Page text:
Some of the vignettes are probably first hand accounts, retellings of Craig’s experiences over the years, but others seem to be fictional sorties brought about due to his experiences out in the world. Two such stories tell the contrasting viewpoints of a simple silent encounter in the Japanese night. A small flicker in time between two people, whose inner thoughts are brought to life. I liked how the writing captures the little things in life that tell so much about ourselves, but that go unsaid:

The type of conversation that would last for hours if verbalized, but when it’s unspoken like this, it only lasts a few seconds.

One of my favourite chapters is simply titled Baseball, and describes a local match taking part in Japan. The narrator casually explains what he sees around him, whether it be a description of the current game, the season, or the people surrounding him; slowly a picture is painted of what it would be like to be there. But also you get little insights into life, like the following observation of a family that had attended the game:

The game seems to have brought the family a little closer together. That closeness was not something that could have been bought for the small price of a few tickets in the outfield, but with something money can’t buy: time.

So true. So obvious, and yet it was a thought that I hadn’t really taken he time (heh) to really absorb.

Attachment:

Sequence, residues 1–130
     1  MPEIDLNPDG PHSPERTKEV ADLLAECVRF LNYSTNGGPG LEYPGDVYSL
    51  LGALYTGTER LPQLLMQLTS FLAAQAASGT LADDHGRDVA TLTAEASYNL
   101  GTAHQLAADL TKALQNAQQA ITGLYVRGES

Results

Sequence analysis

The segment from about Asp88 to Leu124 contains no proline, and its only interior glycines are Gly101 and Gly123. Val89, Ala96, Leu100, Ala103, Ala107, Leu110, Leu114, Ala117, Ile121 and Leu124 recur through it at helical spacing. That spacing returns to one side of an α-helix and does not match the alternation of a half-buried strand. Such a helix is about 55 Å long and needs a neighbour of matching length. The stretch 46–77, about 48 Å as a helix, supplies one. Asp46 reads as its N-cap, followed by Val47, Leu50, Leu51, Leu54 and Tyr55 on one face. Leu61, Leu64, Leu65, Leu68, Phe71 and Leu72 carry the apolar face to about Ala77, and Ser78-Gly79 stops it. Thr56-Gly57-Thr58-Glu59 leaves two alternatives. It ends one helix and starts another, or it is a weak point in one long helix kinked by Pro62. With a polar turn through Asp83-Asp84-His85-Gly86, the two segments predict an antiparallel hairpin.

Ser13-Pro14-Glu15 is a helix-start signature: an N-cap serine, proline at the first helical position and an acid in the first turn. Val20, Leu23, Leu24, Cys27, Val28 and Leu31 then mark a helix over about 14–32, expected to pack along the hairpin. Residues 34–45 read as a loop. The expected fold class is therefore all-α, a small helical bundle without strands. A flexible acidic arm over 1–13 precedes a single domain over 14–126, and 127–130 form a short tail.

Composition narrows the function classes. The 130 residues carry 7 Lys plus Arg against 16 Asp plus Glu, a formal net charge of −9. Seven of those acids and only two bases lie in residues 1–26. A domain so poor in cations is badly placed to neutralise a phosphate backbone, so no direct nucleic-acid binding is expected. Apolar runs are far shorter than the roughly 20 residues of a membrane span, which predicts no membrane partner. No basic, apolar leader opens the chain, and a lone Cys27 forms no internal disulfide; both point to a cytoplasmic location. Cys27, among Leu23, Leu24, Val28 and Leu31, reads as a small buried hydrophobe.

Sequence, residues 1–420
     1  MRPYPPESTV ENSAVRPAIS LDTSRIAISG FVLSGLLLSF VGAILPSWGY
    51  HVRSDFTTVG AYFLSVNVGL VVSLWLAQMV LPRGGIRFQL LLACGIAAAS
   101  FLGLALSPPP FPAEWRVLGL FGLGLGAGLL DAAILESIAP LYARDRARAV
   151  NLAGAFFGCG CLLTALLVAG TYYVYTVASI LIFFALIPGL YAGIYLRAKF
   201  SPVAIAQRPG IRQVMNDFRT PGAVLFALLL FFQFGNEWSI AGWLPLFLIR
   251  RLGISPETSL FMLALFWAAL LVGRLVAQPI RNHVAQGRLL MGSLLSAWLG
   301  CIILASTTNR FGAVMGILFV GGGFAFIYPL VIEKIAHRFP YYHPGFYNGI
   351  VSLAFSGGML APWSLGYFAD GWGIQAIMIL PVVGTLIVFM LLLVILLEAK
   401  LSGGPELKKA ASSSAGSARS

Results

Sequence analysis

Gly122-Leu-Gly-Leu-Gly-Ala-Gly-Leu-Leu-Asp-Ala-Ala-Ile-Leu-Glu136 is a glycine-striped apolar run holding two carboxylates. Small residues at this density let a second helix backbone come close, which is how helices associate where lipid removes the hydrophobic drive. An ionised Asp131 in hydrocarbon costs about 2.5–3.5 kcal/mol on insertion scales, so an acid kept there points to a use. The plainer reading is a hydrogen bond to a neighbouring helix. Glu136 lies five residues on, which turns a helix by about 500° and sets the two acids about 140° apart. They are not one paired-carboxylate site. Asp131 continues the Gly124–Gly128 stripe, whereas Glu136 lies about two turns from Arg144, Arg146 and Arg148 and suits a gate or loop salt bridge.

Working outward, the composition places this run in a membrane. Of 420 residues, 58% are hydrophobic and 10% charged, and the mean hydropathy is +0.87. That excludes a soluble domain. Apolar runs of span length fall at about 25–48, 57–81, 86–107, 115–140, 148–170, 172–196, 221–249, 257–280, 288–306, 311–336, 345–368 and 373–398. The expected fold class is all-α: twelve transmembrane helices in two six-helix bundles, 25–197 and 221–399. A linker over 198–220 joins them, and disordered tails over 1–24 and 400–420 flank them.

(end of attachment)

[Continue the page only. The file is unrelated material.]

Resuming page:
I am a big fan of saving quotes on my kindle, especially when they ring true for my past experiences, or offer some insight into life in general. In the following quotes I can see a reflection of myself at certain points in my life, and it is always bracing to see fiction hold a mirror up to your psyche, if only to have the opportunity to empathise, and reflect:

I think loneliness can sometimes be manageable when surrounded by familiarity.

If he had the courage to do what he wanted, to live unrestrained, how life might be different.

And lastly, in a self referential kind of way, this quote sums up my feelings about this little read:

(…)like a good book, that even when you reach the last page, you still search for a hidden chapter until you realize the story is complete and embedded in your soul.

I did want more, and I hope in the future I will find a few more reads coming my way.

MM

Spirit on the Spirit of Tasmania

Ok, so some people may know that my family and I were on the recent Spirit of Tasmania voyage that lost a man overboard.

I don’t want to sensationalise things, or try and make this a thing about myself, but after having this experience, I do want to say a couple of things on the subject.

One thing that I say to my son as often as I can when bad things happen is that I believe people are inherently good. It may be naive, but that is what I think. And I love the fact that this view gets vindicated so often; time and time again. Sure there are horrible examples of people doing terrible things, but these are the outliers, and I would argue that the bulk of humanity are good decent people.